ACT2COPE: A brief online ACT-based intervention to improve psychological wellbeing for people living with chronic health conditions during the COVID-19 pandemic in New Zealand

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dc.contributor.advisor Serlachius, Anna
dc.contributor.advisor Booth, Roger
dc.contributor.advisor Slykerman, Rebecca
dc.contributor.author Wallace-Boyd, Kate
dc.date.accessioned 2021-06-09T03:22:36Z
dc.date.available 2021-06-09T03:22:36Z
dc.date.issued 2021 en
dc.identifier.uri https://hdl.handle.net/2292/55267
dc.description Full Text is available to authenticated members of The University of Auckland only. en
dc.description.abstract Background: In New Zealand, approximately 67% of adults and 33% of children live with a chronic health condition (CHC). The COVID-19 pandemic is likely to heighten psychological distress for this population. Online interventions have the potential for greater reach and accessibility to psychologically support people living with CHCs. To date, there are no known studies that have tested a brief online Acceptance and Commitment Therapy (ACT) intervention during a pandemic for people with CHCs. Aim: This study aimed to examine whether a one-week online psychological intervention (ACT2COPE) could reduce depression, anxiety and stress symptoms and improve wellbeing and psychological flexibility in adults living with CHCs during the COVID-19 pandemic in New Zealand. We also wanted to explore the relationships between these psychological outcomes and whether psychological flexibility was mediating the relationship between the intervention and reduced depressive symptoms. Method: This pilot randomised waitlist controlled trial investigated the effects of ACT2COPE on psychological outcomes (depression, anxiety, stress, wellbeing, and psychological flexibility) among 40 adults living with CHCs during the COVID-19 pandemic in New Zealand. Independent samples t-tests, Pearson’s correlations, repeated measures ANOVAs, and linear regression analyses were used to examine relationships and the effects of ACT2COPE. Additionally, qualitative data was gathered (using focus groups and questionnaires) to explore participants' experiences of the intervention. Results: Depressive symptoms significantly decreased over time compared to the waitlist group while anxiety, stress, wellbeing, and psychological flexibility did not demonstrate changes over time relative to the waitlist group. Exploratory analyses demonstrated that participants with higher adherence to the intervention showed improvements in depression, anxiety, and stress over time in comparison to the control group. Lastly, psychological flexibility was not found to be a significant mediator between ACT2COPE and depression scores. Qualitative findings suggested that participants found ACT2COPE acceptable and engaging. Conclusion: The novel ACT2COPE intervention presents a promising, scalable intervention that may reduce depressive symptoms in adults living with CHCs during the COVID-19 pandemic. Future research is needed to confirm these findings in a larger RCT to establish whether ACT2COPE is equally effective post pandemic and in a more diverse population.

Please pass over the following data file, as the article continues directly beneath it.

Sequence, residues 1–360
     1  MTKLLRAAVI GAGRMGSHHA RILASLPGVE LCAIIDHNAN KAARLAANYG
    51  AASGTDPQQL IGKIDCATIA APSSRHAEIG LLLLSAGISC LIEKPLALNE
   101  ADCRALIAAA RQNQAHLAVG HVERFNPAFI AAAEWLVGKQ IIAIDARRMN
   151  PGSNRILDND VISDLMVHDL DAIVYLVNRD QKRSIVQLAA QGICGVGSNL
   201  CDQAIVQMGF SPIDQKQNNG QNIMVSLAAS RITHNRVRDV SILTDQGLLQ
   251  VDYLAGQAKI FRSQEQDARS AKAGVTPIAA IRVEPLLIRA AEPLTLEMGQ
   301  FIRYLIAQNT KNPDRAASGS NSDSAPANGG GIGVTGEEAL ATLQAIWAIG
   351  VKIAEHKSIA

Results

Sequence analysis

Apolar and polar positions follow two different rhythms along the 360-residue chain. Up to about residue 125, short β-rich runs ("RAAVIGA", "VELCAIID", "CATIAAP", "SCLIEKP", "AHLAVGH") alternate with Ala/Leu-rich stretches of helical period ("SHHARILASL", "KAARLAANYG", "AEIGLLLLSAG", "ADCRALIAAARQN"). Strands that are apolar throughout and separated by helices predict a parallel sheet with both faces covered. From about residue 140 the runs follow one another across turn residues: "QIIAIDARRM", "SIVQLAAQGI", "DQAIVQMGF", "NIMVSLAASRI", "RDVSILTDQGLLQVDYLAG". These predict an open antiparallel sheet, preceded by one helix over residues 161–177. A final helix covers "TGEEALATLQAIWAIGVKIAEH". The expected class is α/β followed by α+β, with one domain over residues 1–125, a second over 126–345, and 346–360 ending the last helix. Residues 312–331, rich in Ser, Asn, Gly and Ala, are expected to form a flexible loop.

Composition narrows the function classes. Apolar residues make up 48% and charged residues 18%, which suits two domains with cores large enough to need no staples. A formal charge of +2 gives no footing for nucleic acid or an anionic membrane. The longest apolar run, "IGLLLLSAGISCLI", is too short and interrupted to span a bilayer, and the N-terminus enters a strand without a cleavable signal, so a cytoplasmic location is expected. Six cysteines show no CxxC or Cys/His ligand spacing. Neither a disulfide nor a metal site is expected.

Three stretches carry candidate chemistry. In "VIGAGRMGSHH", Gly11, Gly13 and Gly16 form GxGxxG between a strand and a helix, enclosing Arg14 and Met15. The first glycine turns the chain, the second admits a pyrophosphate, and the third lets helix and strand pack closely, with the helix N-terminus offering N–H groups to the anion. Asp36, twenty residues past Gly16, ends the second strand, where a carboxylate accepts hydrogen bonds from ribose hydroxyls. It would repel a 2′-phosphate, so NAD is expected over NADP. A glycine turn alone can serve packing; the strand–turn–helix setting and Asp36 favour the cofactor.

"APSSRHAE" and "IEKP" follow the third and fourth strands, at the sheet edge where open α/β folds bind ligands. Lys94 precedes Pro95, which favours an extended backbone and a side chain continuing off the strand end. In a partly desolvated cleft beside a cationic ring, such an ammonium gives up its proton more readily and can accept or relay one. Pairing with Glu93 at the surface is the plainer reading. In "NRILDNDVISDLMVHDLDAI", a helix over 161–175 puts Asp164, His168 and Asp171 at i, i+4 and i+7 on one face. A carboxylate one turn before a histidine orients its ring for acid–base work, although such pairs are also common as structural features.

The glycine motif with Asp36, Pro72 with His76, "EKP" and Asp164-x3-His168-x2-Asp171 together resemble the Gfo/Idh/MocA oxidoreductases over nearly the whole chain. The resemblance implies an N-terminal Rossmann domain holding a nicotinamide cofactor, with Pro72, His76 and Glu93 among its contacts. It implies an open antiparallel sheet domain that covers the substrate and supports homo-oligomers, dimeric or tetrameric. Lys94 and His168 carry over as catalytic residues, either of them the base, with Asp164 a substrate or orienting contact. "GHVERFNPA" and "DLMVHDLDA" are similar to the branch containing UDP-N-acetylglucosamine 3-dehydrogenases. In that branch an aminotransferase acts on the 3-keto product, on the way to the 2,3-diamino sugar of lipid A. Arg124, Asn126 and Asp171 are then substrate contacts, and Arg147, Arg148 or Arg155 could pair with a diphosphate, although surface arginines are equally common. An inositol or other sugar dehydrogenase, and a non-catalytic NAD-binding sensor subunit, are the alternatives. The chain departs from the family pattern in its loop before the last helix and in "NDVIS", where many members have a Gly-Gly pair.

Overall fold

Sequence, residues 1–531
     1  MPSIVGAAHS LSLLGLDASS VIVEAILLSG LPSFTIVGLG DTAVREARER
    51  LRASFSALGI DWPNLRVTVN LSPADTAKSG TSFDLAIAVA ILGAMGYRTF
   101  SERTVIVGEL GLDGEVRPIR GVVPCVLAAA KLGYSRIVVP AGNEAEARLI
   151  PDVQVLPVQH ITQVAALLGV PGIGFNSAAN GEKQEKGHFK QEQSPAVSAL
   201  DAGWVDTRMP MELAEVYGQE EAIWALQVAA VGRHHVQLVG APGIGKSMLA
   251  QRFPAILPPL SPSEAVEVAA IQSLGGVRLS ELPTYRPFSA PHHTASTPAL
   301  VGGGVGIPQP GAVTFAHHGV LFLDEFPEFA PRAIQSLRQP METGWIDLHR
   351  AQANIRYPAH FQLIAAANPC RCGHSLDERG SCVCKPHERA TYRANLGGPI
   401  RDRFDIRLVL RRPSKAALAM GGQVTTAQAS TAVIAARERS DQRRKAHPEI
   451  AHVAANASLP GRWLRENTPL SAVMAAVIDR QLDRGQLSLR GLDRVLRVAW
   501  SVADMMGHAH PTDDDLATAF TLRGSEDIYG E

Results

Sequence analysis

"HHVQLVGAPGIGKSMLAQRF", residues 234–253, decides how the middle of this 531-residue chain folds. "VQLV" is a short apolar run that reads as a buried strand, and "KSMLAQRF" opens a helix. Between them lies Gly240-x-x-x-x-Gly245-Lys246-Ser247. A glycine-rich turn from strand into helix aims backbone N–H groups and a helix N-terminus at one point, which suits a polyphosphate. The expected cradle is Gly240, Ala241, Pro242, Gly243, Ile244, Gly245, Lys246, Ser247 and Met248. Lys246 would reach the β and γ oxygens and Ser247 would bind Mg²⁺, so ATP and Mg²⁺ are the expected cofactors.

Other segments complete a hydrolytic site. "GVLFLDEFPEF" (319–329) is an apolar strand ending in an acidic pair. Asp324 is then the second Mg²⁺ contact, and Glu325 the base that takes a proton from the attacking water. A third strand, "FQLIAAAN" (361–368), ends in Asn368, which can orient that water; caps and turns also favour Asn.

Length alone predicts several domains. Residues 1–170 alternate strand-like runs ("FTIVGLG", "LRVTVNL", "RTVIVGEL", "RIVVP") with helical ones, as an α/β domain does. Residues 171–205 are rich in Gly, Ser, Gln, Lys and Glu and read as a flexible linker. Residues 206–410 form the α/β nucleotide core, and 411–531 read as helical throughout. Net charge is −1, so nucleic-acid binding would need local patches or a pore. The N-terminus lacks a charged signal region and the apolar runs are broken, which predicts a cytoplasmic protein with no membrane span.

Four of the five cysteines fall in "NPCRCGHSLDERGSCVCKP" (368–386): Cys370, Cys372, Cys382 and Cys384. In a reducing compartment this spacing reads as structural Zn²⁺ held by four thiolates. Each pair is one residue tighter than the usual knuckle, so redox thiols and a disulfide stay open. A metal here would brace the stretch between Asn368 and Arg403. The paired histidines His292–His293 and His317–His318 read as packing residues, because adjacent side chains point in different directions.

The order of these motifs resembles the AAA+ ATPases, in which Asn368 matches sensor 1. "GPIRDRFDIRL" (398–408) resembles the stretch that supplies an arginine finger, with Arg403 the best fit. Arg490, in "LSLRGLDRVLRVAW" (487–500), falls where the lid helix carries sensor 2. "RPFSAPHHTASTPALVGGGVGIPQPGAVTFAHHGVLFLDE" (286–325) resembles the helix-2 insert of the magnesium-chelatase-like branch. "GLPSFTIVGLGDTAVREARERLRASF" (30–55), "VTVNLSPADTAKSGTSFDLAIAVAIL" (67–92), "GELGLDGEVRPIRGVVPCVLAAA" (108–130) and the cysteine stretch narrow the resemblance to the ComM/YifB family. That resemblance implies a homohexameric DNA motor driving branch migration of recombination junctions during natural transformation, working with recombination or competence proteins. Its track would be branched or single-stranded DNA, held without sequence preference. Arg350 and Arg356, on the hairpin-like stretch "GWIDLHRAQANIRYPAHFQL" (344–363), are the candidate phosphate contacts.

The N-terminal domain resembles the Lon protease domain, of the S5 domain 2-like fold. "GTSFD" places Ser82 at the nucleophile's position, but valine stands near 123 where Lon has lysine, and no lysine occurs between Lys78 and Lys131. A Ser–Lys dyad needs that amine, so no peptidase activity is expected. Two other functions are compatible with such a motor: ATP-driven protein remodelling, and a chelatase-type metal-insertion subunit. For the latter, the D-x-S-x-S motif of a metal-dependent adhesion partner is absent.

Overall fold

dc.publisher ResearchSpace@Auckland en
dc.relation.ispartof Masters Thesis - University of Auckland en
dc.relation.isreferencedby UoA en
dc.rights Restricted Item. Full Text is available to authenticated members of The University of Auckland only. en
dc.rights Items in ResearchSpace are protected by copyright, with all rights reserved, unless otherwise indicated.
dc.rights.uri https://researchspace.auckland.ac.nz/docs/uoa-docs/rights.htm en
dc.rights.uri http://creativecommons.org/licenses/by-nc-sa/3.0/nz/
dc.title ACT2COPE: A brief online ACT-based intervention to improve psychological wellbeing for people living with chronic health conditions during the COVID-19 pandemic in New Zealand
dc.type Thesis en
thesis.degree.discipline Psychology
thesis.degree.grantor The University of Auckland en
thesis.degree.level Masters en
dc.date.updated 2021-06-06T23:44:12Z
dc.rights.holder Copyright: the author en


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